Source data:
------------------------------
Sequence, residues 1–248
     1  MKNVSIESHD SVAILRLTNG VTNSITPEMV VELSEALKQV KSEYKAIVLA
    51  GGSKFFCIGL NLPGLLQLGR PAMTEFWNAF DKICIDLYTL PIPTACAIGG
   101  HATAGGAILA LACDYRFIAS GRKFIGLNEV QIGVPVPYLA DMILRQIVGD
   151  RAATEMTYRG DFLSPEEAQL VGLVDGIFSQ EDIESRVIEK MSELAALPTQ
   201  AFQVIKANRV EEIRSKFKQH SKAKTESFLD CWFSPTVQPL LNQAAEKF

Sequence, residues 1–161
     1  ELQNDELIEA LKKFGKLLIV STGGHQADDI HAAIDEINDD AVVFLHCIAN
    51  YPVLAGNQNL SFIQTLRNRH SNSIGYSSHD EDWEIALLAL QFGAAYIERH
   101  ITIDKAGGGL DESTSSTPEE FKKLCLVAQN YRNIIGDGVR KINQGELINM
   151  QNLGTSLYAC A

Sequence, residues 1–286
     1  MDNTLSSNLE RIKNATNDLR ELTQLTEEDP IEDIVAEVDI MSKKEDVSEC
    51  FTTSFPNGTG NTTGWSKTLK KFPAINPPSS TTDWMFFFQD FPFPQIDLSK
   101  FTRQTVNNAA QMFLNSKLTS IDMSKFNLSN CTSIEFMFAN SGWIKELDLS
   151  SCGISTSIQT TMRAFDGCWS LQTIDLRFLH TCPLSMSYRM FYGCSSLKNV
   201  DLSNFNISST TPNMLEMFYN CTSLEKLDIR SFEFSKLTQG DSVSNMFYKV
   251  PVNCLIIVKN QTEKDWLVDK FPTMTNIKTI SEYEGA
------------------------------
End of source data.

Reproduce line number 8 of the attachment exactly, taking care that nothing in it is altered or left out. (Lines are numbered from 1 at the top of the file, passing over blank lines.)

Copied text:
     1  ELQNDELIEA LKKFGKLLIV STGGHQADDI HAAIDEINDD AVVFLHCIAN